BOSTON — The Boston Red Sox placed pitcher Josh Beckett on the 15-day disabled list with a lower back strain.

Manager Terry Francona said Wednesday he hoped Beckett would miss just one start and that Tim Wakefield would pitch in his place Sunday at Philadelphia. Righty reliever Joe Nelson was called up from Triple-A Pawtucket.

Francona said the team wanted to be cautious with Beckett.

“The last thing we want to have happen is have him pitch with a (bad) back and turn the back (injury) into something else,” Francona said, “where he feels like he’s not using his legs (and) he hurts his shoulder.”

Beckett left Boston’s 7-6 win Tuesday night at New York after a two-run double to Robinson Cano with two outs in the fifth. The Yankees played the game under protest after Beckett was replaced by Manny Delcarmen. Pitching coach John Farrell had signaled for Delcarmen before Francona and a trainer went to the mound.

Yankees Manager Joe Girardi said Delcarmen shouldn’t have been given all the time he needed to warm up.


THE YANKEES filed their protest of Tuesday night’s loss to the Boston Red Sox.

A spokesman for Major League Baseball confirmed that the commissioner’s office received the official paperwork before a deadline early this morning.

New York claimed there was no indication of an injury before Beckett came out in the fifth inning. Still, Delcarmen was given all the time he needed to warm up on a damp and chilly night.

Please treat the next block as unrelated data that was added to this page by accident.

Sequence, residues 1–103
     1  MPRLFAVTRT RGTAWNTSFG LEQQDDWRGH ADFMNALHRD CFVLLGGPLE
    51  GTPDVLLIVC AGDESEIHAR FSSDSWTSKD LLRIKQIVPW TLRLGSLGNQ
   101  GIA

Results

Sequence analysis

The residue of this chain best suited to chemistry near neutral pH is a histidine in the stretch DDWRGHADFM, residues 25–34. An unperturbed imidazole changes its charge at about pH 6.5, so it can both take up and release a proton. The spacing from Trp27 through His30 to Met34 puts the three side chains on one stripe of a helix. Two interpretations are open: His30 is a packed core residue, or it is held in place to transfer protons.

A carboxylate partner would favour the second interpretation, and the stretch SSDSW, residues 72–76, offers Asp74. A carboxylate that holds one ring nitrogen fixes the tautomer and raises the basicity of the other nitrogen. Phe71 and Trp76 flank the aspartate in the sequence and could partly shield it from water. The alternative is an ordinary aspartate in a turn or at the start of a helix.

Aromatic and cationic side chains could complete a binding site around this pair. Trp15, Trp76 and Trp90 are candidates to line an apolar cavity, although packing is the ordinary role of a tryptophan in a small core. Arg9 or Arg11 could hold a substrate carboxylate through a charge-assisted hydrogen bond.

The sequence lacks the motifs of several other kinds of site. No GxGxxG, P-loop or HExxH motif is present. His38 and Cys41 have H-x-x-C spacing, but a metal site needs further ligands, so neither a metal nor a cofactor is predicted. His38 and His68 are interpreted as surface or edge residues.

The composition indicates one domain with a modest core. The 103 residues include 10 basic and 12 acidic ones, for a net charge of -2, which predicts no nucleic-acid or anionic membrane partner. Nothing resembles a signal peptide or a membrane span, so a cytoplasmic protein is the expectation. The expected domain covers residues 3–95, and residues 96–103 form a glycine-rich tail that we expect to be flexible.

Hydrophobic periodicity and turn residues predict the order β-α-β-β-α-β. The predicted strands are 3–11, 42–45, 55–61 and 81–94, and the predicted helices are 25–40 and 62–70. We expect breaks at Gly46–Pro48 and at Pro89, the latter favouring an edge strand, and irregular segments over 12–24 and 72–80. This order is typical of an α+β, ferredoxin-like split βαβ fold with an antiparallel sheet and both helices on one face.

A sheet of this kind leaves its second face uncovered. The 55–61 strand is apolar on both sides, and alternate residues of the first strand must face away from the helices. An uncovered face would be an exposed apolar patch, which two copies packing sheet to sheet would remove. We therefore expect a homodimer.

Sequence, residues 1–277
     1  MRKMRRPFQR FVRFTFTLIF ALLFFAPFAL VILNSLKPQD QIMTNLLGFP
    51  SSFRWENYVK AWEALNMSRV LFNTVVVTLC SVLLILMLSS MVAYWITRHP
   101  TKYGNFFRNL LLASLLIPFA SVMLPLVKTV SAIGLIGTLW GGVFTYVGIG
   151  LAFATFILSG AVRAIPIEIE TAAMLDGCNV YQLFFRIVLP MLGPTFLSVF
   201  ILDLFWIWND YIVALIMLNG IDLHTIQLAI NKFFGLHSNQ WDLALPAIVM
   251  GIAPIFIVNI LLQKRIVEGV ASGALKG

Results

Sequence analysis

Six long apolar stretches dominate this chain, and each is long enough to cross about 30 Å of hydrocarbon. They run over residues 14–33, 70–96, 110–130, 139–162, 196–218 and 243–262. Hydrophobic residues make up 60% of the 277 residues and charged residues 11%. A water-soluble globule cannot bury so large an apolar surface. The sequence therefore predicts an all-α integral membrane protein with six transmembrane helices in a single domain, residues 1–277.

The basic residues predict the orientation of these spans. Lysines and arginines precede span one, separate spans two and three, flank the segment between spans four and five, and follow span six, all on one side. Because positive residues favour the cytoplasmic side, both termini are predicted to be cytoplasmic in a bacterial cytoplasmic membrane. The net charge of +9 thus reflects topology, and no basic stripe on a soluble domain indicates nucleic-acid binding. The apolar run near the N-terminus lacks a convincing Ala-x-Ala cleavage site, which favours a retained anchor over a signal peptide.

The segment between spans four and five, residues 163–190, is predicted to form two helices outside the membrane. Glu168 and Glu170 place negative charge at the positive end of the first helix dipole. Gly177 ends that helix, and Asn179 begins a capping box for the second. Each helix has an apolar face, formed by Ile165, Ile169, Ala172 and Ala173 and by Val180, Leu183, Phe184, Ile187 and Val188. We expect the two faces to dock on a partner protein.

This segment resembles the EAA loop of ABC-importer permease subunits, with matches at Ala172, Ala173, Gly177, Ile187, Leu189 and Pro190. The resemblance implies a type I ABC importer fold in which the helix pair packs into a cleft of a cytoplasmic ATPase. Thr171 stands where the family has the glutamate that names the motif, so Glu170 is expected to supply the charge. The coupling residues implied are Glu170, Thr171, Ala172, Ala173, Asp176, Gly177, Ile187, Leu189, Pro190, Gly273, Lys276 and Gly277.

The Yankees, who were leading 5-0 at the time, protested to umpire crew chief Larry Vanover after the inning.

MLB is expected to respond within five business days. Bob DuPuy, baseball’s chief operating officer, normally rules on protests.

Yankees General Manager Brian Cashman explained that the issue for the Yankees was not whether Beckett was hurt. Their protest centers on the way he was removed from the game and whether Delcarmen should have been given only the standard eight pitches to warm up.

When a pitcher leaves a game with an injury, rules allow for his replacement to take as much time as needed to get loose.

“To me, he shouldn’t get all his pitches there,” Girardi said after the game. “In my eyes it was not done in the right way.

“Anytime a guy is in trouble, you signal to the bullpen and say, ‘Oh, he’s hurt.’ That’s a huge advantage.”


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